Speaking yesterday at the inauguration in Abuja, Saraki who was represented by the Leader of the Senate, Ahmed Lawan noted that the right to health was a fundamental human right, adding that citizens must take part in the fight against HIV/AIDS.
Saraki who disclosed that over 10 million Nigerians currently know their HIV status noted that government was working hard to make the country free from the scourge by 2030.
He said that the implementation of the National Health in 2018 would become feasible with the National Assembly’s intervention.
“We must live no one behind in this campaign against HIV, especially children from the ages of 10 and above,” he said.
Speaking, Chairman, Senate Committee on Primary Health Care and Communicable Disease, Mao Ohuabunwa decried stigmatisation and discrimination of persons living with HIV/AIDS.
He stressed the need to enact laws to punish those who stigmatise and discriminate against persons living with the condition.
Meanwhile, Total Upstream companies in Nigeria and the Nigeria Business Coalition Against AIDS (NiBUCAA) at the weekend formally launched HIV/AIDS awareness campaign for secondary schools in Lagos State.
This was part of programmes to drive awareness on the universal health coverage goals to commemorate the World AIDS Day 2017.
The campaign is aimed at helping youths – secondary school students to develop life skills that will enhance healthy behaviour, empowering the girl-child with assertive, decision making skills on family life education, and equipping them with updated information on reproductive health-related issues.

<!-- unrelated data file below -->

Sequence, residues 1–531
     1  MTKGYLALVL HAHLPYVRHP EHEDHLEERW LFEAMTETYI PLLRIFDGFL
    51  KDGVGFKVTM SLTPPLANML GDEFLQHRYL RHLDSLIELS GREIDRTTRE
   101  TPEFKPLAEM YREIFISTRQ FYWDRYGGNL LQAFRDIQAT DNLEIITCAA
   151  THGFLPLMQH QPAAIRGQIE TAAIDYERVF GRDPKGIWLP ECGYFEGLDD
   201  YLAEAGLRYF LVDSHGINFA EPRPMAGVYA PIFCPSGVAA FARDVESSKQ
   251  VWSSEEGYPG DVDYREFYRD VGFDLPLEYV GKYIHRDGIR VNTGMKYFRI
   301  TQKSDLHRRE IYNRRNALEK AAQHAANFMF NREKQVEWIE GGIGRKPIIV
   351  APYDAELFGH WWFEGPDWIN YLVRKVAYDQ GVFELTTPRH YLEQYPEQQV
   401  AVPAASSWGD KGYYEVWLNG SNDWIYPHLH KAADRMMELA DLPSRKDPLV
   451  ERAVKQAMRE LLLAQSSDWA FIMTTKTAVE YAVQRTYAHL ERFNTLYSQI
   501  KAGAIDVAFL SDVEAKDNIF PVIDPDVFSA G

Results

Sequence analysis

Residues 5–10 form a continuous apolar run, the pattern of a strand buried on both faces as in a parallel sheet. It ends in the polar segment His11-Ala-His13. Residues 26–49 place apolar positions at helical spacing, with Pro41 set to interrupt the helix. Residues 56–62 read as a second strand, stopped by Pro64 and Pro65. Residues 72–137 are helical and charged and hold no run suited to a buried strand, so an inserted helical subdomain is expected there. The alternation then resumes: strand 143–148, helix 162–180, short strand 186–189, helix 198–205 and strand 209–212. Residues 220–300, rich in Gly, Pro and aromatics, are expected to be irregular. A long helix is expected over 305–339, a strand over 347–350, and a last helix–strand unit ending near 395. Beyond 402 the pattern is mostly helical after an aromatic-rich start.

Speaking at the launch held at Dairy Farm Secondary School, Agege, Managing Director, Total Upstream Companies in Nigeria, Nicolas Terraz highlighted the essence of the World AIDS Day 2017 with the theme: Right To Health.
“At Total, we cannot agree more with the theme of this year’s campaign. Just as all children have a right to education, we all have a right to health. HIV/AIDS has been a great dilemma globally over the past decades. It is a concern that, up till now, the prevalence rate remains high due to negligence and ignorance of the public.”
He added that to the World Health Organisation (WHO), prevention was not only better than cure, but was cheaper and prevents complications.
Acting Executive Secretary of NiBUCAA, Gbenga Alabi called for intensified efforts in putting an end to AIDS by 2030.
He urged the students to join the Anti-AIDS Club to be established at Dairy Farm Secondary School, Sango Senior Secondary School and Keke Senior Secondary School respectively, which were presented with HIV&AIDS tool kits.